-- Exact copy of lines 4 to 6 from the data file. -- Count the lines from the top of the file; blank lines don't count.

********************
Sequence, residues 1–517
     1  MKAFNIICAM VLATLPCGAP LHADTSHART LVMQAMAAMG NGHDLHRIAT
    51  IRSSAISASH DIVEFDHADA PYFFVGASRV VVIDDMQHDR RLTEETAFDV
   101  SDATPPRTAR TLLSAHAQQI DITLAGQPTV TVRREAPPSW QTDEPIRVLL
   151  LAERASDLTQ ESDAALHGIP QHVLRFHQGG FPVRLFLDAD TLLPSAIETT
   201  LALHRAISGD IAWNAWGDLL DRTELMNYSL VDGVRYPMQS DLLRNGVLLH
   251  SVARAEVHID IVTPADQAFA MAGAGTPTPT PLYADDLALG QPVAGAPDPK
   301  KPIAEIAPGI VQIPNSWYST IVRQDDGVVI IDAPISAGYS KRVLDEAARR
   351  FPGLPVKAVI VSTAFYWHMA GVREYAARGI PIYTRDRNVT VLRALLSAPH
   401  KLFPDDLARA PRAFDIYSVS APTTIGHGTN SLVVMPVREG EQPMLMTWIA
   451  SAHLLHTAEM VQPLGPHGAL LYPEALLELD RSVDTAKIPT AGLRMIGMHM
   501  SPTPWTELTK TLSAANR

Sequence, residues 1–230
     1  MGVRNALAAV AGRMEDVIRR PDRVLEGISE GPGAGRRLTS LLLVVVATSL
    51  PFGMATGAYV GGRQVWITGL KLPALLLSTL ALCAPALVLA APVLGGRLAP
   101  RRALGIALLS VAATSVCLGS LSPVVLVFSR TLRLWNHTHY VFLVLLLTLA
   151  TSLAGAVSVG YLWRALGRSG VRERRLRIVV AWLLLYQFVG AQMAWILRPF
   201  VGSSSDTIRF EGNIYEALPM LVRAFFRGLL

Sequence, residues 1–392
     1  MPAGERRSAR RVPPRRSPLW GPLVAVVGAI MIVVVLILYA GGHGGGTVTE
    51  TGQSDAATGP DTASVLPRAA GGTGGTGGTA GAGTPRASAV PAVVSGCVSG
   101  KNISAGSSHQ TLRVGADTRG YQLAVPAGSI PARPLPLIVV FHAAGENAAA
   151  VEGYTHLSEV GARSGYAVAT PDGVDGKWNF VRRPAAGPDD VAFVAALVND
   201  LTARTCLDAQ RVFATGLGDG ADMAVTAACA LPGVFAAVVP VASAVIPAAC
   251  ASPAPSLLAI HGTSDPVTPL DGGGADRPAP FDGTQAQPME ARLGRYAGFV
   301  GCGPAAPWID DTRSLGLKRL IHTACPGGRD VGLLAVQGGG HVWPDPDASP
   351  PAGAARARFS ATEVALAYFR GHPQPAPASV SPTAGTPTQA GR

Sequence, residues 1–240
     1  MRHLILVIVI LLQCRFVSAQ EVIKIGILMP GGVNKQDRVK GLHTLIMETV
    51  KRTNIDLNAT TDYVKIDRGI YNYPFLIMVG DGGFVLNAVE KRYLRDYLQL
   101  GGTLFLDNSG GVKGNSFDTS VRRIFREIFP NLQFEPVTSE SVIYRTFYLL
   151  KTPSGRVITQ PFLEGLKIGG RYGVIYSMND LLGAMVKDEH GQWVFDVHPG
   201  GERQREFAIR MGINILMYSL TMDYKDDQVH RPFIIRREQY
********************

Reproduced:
   101  SDATPPRTAR TLLSAHAQQI DITLAGQPTV TVRREAPPSW QTDEPIRVLL
   151  LAERASDLTQ ESDAALHGIP QHVLRFHQGG FPVRLFLDAD TLLPSAIETT
   201  LALHRAISGD IAWNAWGDLL DRTELMNYSL VDGVRYPMQS DLLRNGVLLH